Roughly 10.8 million American adults are currently using e-cigarettes, and more than half of them are under 35 years old, a U.S. study suggests.
One in three e-cigarette users are vaping daily, researchers report in the Annals of Internal Medicine.
“Electronic cigarette use is also closely associated with other high-risk behaviors,” said senior study author Dr. Michael Blaha, director of clinical research for the Johns Hopkins Ciccarone Center for the Prevention of Heart Disease in Baltimore. “The most common pattern of use in the U.S. is dual use, i.e. current use of both traditional cigarettes and electronic cigarettes.”
Twenty-somethings, smokers of traditional cigarettes, unemployed adults, and people who identify as lesbian, bisexual, gay, and transgender (LGBT) are more likely than other individuals to use e-cigarettes, the study also found.
“It is becoming clear that specific vulnerable groups are at highest risk of adopting electronic cigarettes,” Blaha said by email.
Big tobacco companies, including Altria Group Inc, Lorillard Tobacco Co and Reynolds American Inc, are all developing e-cigarettes. The battery-powered devices feature a glowing tip and a heating element that turns liquid nicotine and other flavorings into a cloud of vapor that users inhale.
E-cigarettes containing nicotine can be addictive like traditional cigarettes. Even without nicotine, some research suggests that flavorings and other ingredients in e-liquids used for vaping could be linked to serious breathing problems.
Another open question is whether e-cigarettes might help some people cut back on smoking traditional cigarettes or quit altogether, and the study doesn’t offer a clear answer.
Overall, 1.4 percent of people in the study who never smoked traditional cigarettes used e-cigarettes, as did 7.6 percent of ex-smokers and 14.4 percent of current smokers.
Men vaped more often than women; 5.9 percent of men reported current e-cigarette use compared with 3.7 percent of women.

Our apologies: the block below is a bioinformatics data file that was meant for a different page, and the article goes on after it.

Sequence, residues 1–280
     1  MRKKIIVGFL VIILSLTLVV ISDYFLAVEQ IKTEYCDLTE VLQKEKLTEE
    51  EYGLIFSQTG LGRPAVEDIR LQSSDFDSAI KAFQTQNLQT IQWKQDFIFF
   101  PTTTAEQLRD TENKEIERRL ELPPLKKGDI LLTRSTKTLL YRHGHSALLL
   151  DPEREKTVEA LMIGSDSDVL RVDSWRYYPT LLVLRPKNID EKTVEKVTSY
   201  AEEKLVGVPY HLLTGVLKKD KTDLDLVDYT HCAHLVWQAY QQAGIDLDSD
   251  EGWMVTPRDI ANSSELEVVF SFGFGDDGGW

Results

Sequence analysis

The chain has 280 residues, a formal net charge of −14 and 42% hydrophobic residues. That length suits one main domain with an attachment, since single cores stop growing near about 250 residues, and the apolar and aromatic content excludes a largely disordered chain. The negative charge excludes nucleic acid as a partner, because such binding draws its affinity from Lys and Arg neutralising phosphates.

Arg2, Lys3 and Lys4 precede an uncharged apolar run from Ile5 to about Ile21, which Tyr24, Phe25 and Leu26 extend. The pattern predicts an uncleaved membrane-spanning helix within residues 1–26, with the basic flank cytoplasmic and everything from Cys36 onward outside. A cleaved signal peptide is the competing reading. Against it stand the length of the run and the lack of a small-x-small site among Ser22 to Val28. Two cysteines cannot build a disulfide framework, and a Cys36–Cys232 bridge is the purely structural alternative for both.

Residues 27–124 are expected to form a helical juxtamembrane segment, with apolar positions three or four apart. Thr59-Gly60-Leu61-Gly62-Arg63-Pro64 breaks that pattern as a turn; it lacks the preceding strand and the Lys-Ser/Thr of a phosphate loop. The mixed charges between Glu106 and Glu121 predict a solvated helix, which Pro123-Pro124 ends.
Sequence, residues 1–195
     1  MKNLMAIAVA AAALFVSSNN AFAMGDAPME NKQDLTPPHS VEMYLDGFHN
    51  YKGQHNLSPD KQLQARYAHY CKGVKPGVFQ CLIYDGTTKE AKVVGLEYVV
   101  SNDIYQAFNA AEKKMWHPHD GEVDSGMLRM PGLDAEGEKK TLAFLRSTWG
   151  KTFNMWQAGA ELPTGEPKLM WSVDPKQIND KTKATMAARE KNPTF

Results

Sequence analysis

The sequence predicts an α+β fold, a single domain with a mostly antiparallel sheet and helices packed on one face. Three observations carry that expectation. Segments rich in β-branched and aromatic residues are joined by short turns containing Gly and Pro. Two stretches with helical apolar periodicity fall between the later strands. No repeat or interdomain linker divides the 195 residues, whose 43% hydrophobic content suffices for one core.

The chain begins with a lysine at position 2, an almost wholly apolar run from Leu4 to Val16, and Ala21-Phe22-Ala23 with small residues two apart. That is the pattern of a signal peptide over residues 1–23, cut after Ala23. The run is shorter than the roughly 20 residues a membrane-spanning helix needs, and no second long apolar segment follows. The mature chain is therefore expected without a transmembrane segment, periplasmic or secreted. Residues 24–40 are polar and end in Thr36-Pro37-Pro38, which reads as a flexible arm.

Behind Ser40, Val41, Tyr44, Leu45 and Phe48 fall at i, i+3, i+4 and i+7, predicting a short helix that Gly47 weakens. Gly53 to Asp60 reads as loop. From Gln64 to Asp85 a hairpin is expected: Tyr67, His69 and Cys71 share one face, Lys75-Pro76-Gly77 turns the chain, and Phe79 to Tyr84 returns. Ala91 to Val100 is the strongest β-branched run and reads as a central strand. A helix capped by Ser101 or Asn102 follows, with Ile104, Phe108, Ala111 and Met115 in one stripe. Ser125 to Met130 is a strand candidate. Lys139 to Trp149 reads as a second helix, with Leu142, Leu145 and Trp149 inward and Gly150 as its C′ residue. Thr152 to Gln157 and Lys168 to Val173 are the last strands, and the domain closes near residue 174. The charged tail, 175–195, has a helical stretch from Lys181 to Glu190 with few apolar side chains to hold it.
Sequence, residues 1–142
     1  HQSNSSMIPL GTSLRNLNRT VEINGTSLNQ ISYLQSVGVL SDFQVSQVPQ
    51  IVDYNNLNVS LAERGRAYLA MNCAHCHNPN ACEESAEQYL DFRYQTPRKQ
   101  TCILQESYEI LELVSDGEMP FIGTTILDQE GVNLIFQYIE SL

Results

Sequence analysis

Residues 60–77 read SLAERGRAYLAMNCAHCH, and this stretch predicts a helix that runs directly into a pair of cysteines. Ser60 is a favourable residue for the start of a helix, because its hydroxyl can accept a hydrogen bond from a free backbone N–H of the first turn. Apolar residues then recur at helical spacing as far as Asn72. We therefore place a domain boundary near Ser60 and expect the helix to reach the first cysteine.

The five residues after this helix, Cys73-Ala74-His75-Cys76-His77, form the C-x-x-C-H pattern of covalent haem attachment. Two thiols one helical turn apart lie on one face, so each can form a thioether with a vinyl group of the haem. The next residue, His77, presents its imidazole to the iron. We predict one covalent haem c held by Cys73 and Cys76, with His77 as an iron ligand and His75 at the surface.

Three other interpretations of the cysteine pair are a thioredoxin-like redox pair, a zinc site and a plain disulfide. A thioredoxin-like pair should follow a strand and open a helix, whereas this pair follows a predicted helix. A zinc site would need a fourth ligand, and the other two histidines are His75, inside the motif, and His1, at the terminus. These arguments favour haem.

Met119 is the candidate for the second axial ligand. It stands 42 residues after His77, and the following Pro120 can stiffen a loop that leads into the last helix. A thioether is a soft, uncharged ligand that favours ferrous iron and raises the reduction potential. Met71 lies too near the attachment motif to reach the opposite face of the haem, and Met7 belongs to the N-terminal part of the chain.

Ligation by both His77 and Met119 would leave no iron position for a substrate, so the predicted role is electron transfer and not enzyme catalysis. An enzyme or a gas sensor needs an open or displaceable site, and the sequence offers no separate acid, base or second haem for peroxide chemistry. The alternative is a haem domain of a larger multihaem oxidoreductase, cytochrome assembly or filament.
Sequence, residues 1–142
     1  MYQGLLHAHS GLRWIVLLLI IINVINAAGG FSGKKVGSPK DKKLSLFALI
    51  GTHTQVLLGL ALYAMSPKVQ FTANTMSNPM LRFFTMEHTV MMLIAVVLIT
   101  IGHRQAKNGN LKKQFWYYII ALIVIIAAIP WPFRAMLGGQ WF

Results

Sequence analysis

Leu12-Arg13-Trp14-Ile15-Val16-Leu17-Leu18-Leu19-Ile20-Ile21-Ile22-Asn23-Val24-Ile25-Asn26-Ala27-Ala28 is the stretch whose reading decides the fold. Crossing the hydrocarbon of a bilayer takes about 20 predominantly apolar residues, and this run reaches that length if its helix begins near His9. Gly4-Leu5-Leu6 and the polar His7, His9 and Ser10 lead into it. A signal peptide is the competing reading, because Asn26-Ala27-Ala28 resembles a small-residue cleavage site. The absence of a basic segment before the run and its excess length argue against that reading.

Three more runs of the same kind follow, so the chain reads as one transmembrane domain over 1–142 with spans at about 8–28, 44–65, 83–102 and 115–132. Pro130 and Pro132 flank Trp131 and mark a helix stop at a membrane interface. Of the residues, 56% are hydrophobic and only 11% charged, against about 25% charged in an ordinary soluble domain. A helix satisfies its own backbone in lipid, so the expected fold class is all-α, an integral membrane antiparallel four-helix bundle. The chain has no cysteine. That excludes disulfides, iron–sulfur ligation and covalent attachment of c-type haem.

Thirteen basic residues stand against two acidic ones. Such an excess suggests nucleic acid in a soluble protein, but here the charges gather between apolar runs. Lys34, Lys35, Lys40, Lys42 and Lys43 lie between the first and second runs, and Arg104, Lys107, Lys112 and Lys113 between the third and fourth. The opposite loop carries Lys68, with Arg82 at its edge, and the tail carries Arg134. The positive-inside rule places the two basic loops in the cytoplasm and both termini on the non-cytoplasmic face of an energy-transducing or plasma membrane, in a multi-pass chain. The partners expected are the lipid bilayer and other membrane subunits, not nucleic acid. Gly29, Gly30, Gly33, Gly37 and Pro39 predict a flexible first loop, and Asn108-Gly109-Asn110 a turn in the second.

Vaping was even more common among sexual minorities. Seven percent of lesbian and gay people were current e-cigarette users, as were 9 percent of bisexual adults and 8.7 percent of transgender individuals.
People with chronic medical problems like heart disease, cancer, asthma and breathing disorders were also more likely to vape than individuals without these common health issues.
A limitation, however, is that all of the data was self-reported and not verified by medical records. Researchers also didn’t know the type of e-cigarette devices people used or the liquids they vaped, which might influence health outcomes associated with vaping.
One advantage of the study is that researchers had responses from nearly 467,000 adults, making it possible to examine trends for subgroups like LGBTQ individuals in a way that wouldn’t be possible with a smaller survey.
“We know that most e-cigarette users are smokers of conventional cigarettes and that LGBTQ adults are more likely to smoke conventional cigarettes, so I am not surprised that the prevalence of e-cigarette use is higher among LGBTQ individuals,” said Dr. Nancy Rigotti, director of the Tobacco Research and Treatment Center at Massachusetts General Hospital and a professor at Harvard Medical School in Boston.
“Current smokers and recent quitters are the groups in which e-cig use is highest,” Rigotti, author of an accompanying editorial, said by email.
“Why LGBTQ adults are more likely to smoke cigarettes is a complex question, but these individuals have a higher prevalence of other substance use disorders and mental health (diagnoses),” Rigotti added. “Tobacco use is high in adults with these conditions and this no doubt contributes to the higher level of tobacco use in LGBT individuals.” (Reuters)